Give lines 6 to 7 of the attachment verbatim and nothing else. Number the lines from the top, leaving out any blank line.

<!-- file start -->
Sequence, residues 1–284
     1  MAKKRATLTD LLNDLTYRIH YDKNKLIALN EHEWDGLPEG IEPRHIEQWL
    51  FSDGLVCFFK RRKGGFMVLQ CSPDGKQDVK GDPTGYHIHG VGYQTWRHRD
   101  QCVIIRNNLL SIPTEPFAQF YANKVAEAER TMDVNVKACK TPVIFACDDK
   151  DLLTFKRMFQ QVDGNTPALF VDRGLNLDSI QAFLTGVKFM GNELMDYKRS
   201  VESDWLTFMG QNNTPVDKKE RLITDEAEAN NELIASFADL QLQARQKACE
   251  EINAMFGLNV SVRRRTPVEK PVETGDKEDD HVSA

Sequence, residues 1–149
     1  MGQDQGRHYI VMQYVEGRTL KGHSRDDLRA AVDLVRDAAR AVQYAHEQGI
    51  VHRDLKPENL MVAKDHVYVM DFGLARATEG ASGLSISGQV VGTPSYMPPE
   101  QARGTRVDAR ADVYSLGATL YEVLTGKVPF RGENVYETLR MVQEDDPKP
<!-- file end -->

   201  VESDWLTFMG QNNTPVDKKE RLITDEAEAN NELIASFADL QLQARQKACE
   251  EINAMFGLNV SVRRRTPVEK PVETGDKEDD HVSA